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Author Topic: massage post hip replacement
carolyn bc
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Member # 1927

posted 03-23-2006 02:02 AM     Profile for carolyn bc     Edit/Delete Post   Reply With Quote
I am a massage therapy student looking for some advice/info on treating recipients of total hip replacement. Specific techniques and special considerations would be appreciated.
Posts: 1 | From: Victoria | Registered: Mar 2006  |  IP: Logged
eclaire
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posted 06-01-2006 10:55 PM     Profile for eclaire     Send New Private Message   Edit/Delete Post   Reply With Quote
Hi, I am a certified athletic trainer and have worked a little with hip replacement pts. My first suggestion would be to communicate with their Physical Therapist. Second, massage wise, I would work a lot on quads and hamstrings because during sugery many muscles are cut and manipulated. Possible gentle strokes over hip and glutes with constant PT. FEEDBACK! ROM (range of motion) is excellent, but be careful. Maybe search google for hip replacement surgery and you might see exactly which muscles are effected. Hope this helps.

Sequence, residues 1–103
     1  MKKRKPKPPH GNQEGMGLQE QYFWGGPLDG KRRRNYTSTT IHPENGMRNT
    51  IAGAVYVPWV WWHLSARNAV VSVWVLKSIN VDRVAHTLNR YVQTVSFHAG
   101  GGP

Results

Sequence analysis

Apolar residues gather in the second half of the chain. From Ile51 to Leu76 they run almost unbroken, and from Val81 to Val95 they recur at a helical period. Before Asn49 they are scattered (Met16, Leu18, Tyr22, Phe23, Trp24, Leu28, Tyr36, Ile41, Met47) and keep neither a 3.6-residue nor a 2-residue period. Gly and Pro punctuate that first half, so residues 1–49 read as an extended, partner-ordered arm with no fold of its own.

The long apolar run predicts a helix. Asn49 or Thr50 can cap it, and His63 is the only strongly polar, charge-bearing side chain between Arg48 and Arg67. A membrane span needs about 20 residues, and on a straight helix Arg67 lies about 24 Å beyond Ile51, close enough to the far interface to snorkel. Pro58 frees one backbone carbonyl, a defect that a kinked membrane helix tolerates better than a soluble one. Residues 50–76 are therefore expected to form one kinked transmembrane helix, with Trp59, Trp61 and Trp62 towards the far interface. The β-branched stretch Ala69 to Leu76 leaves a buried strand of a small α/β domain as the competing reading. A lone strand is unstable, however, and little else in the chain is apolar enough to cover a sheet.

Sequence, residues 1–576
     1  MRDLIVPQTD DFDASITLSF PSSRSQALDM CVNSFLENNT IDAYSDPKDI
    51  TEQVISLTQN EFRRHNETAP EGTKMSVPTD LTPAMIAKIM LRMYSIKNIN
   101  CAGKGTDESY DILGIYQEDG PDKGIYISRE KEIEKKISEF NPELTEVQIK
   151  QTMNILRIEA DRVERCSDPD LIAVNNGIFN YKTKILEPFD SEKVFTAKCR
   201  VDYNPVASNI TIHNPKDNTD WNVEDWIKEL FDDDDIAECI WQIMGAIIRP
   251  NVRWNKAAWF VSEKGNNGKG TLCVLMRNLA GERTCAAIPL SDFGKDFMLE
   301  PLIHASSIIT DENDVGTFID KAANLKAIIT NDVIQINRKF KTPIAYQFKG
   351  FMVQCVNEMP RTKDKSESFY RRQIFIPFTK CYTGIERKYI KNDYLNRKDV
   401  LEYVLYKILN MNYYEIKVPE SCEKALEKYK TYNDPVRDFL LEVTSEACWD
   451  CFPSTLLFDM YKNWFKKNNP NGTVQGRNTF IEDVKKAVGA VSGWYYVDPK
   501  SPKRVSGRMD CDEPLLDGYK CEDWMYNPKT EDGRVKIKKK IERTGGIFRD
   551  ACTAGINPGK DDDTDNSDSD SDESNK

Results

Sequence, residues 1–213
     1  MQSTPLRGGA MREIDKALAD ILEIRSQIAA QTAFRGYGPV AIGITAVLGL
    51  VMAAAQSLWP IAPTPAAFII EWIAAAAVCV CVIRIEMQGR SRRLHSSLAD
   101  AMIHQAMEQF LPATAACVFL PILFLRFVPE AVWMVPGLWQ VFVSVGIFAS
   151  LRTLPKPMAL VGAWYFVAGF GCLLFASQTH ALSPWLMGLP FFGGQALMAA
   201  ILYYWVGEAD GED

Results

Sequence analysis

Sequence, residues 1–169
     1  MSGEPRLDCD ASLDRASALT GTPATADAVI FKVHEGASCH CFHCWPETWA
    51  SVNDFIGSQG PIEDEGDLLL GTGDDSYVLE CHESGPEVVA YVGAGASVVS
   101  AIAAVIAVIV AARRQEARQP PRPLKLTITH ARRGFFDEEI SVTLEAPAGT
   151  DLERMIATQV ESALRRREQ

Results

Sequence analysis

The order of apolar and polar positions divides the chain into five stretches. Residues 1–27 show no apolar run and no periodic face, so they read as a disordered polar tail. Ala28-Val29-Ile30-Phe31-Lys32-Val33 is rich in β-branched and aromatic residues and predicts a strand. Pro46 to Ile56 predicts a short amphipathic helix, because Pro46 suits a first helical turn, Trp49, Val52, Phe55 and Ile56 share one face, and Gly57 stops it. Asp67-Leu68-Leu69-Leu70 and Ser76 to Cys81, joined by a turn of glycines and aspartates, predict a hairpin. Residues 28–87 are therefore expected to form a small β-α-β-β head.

Posts: 6 | From: North Carolina | Registered: Jun 2006  |  IP: Logged
flsoutullo
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posted 08-06-2006 01:10 AM     Profile for flsoutullo   Author's Homepage     Send New Private Message   Edit/Delete Post   Reply With Quote
quote:
Originally posted by carolyn bc:
I am a massage therapy student looking for some advice/info on treating recipients of total hip replacement. Specific techniques and special considerations would be appreciated.